What to make of filmmaker Todd Solondz? His films
(WELCOME TO THE DOLLHOUSE, HAPPINESS) are laced with mordant
humor that can be read as condescending or caring, depending on your
point of view. While he has all but distanced himself from his first film
(1989's FEAR, ANXIETY AND DEPRESSION) because he didn't have
creative control over it, he clearly is proud of his later efforts. In all
honesty, I found WELCOME TO THE DOLLHOUSE difficult to sit through,
its purported painful honesty and its satire seemed more barbed than
necessary. Maybe it struck too close to home. On the other hand, I
appreciated HAPPINESS. That a writer-director could create
sympathetic portraits of people society might otherwise deem as
monsters (i.e., an obscene phone caller, a pedophile) struck me as
fascinating. Rather than condescend to his characters, Solondz crafted
a motion picture that challenged its audience. Maybe it was so far
from my experience, I could respond to the material.
STORYTELLING, screened at the 2001 New York Film Festival,
is another story all together. I can appreciate what the writer-director
is trying to do, but his approach struck me as more flippant. It seemed
to me Solondz was using this film not so much to explore a taboo or
offer social commentary, but to settle scores with those who criticized
him. The contemptuous tone adopted by Solondz completely offended me.
STORYTELLING is a diptych, comprised of a short opening scene called
"Fiction" and a longer one, "Nonfiction". In each section, Solondz is clearly
attempting to point out how "art" is often misinterpreted or
misunderstood. But there's no humanity in his approach; there's little
warmth or humanity in his depiction of the characters. The overwhelming
tone of bitterness that pervades each part of the film is a major turn-off.
(Undoubtedly, Solondz would argue that I'm part of that group that just
doesn't "get" it. But I do. That's the problem.)
"Fiction" runs a little under a half-hour and concerns a college
co-ed Vi(Selma Blair) who is dissatisfied in her life. She has been
sleeping with fellow aspiring writer Marcus (Leo Fitzpatrick) who has
cerebral palsy. In class, she doesn't really rise to defend his story
when their cut-throat classmates tear it apart, or when their teacher,
a Black Pulitzer-winner (Robert Wisdom) also excoriates it. Marcus
breaks it off with Vi, who decides to push the envelope by picking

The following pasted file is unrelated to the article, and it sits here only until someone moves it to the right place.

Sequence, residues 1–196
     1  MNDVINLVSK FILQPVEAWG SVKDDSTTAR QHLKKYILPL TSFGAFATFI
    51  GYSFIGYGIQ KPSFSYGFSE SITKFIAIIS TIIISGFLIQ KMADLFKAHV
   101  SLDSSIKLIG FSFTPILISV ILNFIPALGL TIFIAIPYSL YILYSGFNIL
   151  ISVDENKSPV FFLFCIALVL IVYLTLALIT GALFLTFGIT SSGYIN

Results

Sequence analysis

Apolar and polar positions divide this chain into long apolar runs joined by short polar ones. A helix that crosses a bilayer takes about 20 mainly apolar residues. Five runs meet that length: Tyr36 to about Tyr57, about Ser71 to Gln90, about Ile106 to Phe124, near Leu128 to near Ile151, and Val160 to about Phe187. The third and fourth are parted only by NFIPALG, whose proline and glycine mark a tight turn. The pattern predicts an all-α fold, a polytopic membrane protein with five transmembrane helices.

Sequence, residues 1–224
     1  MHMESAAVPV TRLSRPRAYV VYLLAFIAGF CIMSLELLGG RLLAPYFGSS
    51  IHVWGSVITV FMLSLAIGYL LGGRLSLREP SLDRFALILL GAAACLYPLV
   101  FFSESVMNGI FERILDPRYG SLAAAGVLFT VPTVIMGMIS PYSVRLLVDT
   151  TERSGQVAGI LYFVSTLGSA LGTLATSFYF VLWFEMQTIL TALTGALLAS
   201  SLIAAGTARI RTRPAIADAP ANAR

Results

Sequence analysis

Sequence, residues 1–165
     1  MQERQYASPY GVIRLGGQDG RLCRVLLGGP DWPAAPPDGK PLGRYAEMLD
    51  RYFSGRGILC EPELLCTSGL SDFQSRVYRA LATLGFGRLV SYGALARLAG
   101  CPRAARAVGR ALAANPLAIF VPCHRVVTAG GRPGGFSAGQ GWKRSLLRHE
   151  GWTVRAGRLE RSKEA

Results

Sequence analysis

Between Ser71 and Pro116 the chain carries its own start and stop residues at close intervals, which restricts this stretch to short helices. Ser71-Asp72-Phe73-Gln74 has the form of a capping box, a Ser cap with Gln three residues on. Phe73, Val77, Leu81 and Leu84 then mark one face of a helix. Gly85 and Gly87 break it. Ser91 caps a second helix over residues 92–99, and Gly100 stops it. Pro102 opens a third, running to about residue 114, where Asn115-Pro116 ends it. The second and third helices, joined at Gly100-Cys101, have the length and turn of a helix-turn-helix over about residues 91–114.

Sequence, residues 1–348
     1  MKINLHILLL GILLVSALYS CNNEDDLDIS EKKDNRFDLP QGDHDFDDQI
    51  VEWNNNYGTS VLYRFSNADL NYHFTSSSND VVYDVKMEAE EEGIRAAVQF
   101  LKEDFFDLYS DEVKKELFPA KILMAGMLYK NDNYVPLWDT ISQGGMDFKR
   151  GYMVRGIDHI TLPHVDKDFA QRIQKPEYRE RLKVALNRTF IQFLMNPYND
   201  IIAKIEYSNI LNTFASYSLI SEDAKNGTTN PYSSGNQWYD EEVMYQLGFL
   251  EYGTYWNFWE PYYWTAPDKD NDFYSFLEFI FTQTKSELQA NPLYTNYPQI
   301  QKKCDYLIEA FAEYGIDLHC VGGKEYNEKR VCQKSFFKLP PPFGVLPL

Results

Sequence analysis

up Scott in a bar. While there is the potential for an intriguing
exploration of any number of subjects -- from race to the politics of
sex -- Solondz opts to debase the story by having Scott demand
that Vi scream out racial epithets during their sexual encounter.
(The scene is shown with a large red box over the actors so the
film would avoid an NC-17 rating and so Solondz can "comment"
on movie censorship.) When Vi turns her encounter into a story for
the class, it is deemed unbelievable, despite the girl's protestations
that "it happened."
The longer section is clearly meant as a parody of the
documentary AMERICAN MOVIE, which some (including Solondz)
felt was condescending to its subject -- aspiring filmmaker Mark
Borchardt. Lest anyone miss the connection, Solondz has hired
that film's Mike Schank to appear as a cameraman. Paul Giamatti
plays Toby Oxman, a shoe salesman whose dismal high school
experience drives him to make a documentary about contemporary
students. He settles on underachiever Scooby Livingston (Mark
Webber), who wants nothing more than to be famous. His oddball
family -- overbearing dad (John Goodman), ditsy mom (Julie
Hagerty), jock brother (Noah Fleiss) and bratty youngest brother
(Jonathan Osser) -- is hardly the typical American one. There's also
the overburdened and downtrodden Hispanic maid (Lupe Ontiveros)
who comes to play a pivotal part in the story.
The one thing that Solondz's earlier had going for it were
the performances. Here most of the actors are badly misused. In
the first section, Selma Blair is badly miscast. Adept at playing
arch comedy (see CRUEL INTENTIONS or LEGALLY BLONDE), Blair
hasn't yet found a dramatic part that allows her to fully explore her
potential. Reduced to spouting ethnic slurs during a sex scene can
hardly be constituted as a high point in her career. None of the
other parts are fully developed, leaving the actors at sea. In the
second section, Mark Webber perfectly captures the laid-back
attitude of someone content to coast through life and Paul
Giamatti tries to inject some personality into the sad sack
filmmaker he's portraying. Franka Potente briefly shows up as
Toby's film editor who serves as the voice of reason (but is ignored).
On the other hand, Goodman is all bluster and Hagerty should
be growing tired of playing these airhead types that were her stock
Except for a well-aimed barb at the overrated AMERICAN BEAUTY,
Solondz doesn't exactly break new ground with his targets. Audiences
might expect that a man now in his early forties could get beyond
whatever hurts he suffered in junior and senior high school and move
on. It seemed as if he were headed in new directions with HAPPINESS,
but with STORYTELLING, Todd Solondz takes several giant steps
backwards. There's nothing satisfactory or enjoyable about the tales
he tells in this film.
MPAA Rating: R for strong sexual content, language
and some drug use
Running time: 87 mins.
|© 2006 by C. E. Murphy. All Rights Reserved.